Sometimes I find that the company's founder is so far 'outside the box' that they 'stretch the envelope.' As an angel investor, I review more than 500 business plans each year. Unfortunately, many are so riddled with economy lingo, business jargon and clichés, that they do not communicate any real business value. In my opinion, terminology, such as disintermediation, sweet spot, ASP, best of breed, and win-win should be outlawed for the next 100 years. For building a real business, these terms are meaningless. Another challenge when reviewing business plans is that the introductory sentences sometimes stretch for an entire paragraph as the entrepreneur looks for that all-encompassing way to describe their business. Forget it! There isn't one. Many times I want to strangle the writer to simply tell me what they do in five words or less. Poor choice of words: This business makes mechanical gasoline fueled devices used for transportation more efficient by periodically sending them through an applied for patent machine to loosen the terra firma from these vehicles to make them more conducive at performing their task. Solid choice of words: We run a car wash. Another frequently used practice is to create a business plan using template software or by working from an existing plan. I do not recommend this practice and like to refer to William Sahlman in his Harvard Business case study "Some Thoughts on Business Plans." This case study has continuously inspired me to see beyond clichés and catch-phrases and better interpret misleading statements within business plans.
If the plan says: "Our numbers are conservative." I read: "I know I better show a growing profitable company. This is my best case scenario. Is it good enough?" Since all numbers are based on assumptions, projections in business plans are by their very nature a guess and are not conservative.
If the plan says: "We'll give you a 100 percent internal rate of return on your money." I read: "If everything goes perfectly right, the planets align, and we get lucky, you might get your money back. Actually, we have no idea if this idea will even work." No one can predict what an investor's return will be. Let them decide.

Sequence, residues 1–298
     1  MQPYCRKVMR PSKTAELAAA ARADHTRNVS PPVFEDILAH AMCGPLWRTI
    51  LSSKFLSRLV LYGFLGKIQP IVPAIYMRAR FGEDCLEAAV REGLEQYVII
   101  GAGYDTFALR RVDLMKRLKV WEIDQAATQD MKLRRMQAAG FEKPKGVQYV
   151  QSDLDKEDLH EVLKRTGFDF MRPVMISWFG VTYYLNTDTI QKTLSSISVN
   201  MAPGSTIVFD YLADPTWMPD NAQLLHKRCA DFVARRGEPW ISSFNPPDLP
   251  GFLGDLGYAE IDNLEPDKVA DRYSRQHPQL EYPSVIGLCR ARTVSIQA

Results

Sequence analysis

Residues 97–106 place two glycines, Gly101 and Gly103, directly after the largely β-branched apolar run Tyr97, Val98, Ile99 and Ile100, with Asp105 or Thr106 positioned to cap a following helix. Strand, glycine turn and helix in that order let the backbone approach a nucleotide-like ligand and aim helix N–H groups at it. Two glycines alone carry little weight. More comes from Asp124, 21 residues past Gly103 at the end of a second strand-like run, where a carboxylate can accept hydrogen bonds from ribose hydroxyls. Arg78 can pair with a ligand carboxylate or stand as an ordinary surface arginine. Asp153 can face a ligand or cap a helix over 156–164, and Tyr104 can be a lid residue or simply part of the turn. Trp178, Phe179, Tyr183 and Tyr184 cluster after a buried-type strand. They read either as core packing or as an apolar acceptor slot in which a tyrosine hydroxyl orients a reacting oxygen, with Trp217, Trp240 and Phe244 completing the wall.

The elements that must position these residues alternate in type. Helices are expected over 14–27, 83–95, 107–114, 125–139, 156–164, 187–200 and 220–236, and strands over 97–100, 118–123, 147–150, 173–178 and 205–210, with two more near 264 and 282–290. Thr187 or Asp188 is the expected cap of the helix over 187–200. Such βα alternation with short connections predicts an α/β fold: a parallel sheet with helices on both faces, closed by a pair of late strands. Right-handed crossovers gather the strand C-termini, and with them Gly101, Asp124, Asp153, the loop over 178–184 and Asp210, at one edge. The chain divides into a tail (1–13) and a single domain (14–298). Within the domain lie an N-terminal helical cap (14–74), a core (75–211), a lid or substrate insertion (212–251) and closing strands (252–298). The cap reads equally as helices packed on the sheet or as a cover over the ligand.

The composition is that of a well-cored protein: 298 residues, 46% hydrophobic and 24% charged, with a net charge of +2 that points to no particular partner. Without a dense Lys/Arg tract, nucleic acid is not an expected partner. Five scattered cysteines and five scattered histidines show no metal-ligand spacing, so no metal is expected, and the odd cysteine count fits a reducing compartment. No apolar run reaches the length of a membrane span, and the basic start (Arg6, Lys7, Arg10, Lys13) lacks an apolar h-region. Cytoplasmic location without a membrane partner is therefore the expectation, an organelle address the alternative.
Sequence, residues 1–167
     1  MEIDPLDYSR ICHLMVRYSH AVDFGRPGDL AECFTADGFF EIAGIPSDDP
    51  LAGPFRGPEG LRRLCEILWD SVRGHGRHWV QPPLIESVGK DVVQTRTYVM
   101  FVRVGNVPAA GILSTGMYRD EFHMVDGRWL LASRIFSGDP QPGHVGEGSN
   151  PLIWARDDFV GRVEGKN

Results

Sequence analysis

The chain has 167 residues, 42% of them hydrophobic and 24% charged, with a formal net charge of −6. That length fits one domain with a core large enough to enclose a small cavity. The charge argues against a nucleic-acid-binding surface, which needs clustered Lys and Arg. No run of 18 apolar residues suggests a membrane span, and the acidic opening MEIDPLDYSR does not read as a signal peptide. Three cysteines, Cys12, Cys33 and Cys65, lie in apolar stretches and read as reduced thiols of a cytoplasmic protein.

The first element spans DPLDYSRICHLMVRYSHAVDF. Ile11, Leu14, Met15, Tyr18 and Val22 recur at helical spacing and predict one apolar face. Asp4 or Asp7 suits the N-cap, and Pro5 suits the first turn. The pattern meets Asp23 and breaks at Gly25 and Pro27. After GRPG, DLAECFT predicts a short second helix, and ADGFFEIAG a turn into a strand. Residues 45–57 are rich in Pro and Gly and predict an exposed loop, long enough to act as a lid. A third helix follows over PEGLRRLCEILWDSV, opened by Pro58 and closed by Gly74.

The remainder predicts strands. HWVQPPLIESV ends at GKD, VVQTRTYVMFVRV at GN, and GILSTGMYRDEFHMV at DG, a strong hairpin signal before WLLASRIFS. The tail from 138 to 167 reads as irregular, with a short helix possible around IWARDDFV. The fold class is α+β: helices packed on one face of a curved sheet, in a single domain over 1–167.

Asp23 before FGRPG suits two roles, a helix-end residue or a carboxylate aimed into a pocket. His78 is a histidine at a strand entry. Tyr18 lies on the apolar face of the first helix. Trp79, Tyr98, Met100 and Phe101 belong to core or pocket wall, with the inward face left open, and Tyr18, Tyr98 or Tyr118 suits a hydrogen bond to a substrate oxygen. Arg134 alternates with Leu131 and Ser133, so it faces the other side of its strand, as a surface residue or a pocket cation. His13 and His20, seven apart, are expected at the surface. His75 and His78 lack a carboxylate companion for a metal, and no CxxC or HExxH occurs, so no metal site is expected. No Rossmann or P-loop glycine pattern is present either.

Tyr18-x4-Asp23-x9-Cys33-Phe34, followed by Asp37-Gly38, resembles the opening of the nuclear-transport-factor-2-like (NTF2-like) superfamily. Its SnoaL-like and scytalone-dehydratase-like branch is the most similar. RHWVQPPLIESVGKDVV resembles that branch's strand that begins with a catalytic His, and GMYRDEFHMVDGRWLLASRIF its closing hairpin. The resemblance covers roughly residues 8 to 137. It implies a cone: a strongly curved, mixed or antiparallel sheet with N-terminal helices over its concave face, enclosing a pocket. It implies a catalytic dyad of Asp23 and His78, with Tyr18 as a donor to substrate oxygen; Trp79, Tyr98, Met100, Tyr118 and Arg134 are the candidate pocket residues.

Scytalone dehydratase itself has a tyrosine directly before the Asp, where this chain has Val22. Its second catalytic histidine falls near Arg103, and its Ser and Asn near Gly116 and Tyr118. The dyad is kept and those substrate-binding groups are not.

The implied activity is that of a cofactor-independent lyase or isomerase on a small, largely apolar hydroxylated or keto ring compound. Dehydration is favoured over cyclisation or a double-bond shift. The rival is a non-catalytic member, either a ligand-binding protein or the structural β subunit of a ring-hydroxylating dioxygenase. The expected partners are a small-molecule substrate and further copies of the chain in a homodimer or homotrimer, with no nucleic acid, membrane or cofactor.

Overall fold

If the plan says: "We project a 10 percent margin." I read: "We kept the same assumptions that the business plan software template came with and did not change a thing. Should we make any changes?" Ensure you have developed your financial projections from the ground up.
If the plan says: "We only need a 5 percent market share to make our conservative projections." I read: "We were too lazy to figure out exactly how our business will ramp up." Know what it will cost to acquire customers. Gaining 5 percent market share is not an easy task in a large market.
If the plan says: "Customers really need our product." I read: " We haven't yet asked anyone to pay for it." or "All our current customers are our relatives" or "We paid for an expensive survey and the people we interviewed said they needed our product". The definition of a business is when people pay you money to solve their problems. This is the only way to prove people "need it".
If the plan says: "We have no competition". I read: Actually... I stop reading the plan. Always beware of entrepreneurs that claim they have no competitors. If they are right, it's a problem and if they are wrong, it is also a problem. Every business has competitors or else there is a current solution to this customer need. If there are no competitors for what the entrepreneur wants to do, there is a good chance there also is no business. So what should an entrepreneur do? Write the plan in plain and proper English. Please understand that the reader comes to the plan with no knowledge of your business. No fancy words, clichés or graphs will make them want to invest. Understand every part of your plan and be able to defend it. Use your own passion to describe your plan. Make your plan your own.
The 11 things that matter in a business plan:
Please remember, the business plan is basically an "argument" where you need to state the problem and pain, then provide your solution with supporting data and analogies.
Barry Moltz has founded and run small businesses with a great deal of success and failure for more than 15 years.
After successfully selling his last operating business, Mr. Moltz has branched out into a number of entrepreneurship-related activities. He founded an angel investor group, an angel fund, and is a former advisory member of the board of the Angel Capital Education Foundation.
Mr. Moltz is a nationally recognized expert on entrepreneurship who has given hundreds of presentations to audiences ranging in size from 20 to 20,000. As a member of the Entrepreneurship Hall of Fame, he has also taught entrepreneurship as an adjunct professor at the Illinois Institute of Technology. He has appeared on many TV and radio programs such as The Big Idea with Donny Deutsch, MSNBC’s Your Business and NPR’s The Tavis Smiley Show. He hosts his own radio show, Business Insanity Talk Radio, and writes regularly for the American Express Open Forum, Forbes.com and Crain’s Chicago Enterprise City.
Material in this work is for general educational purposes only, and should not be construed as legal advice or legal opinion on any specific facts or circumstances.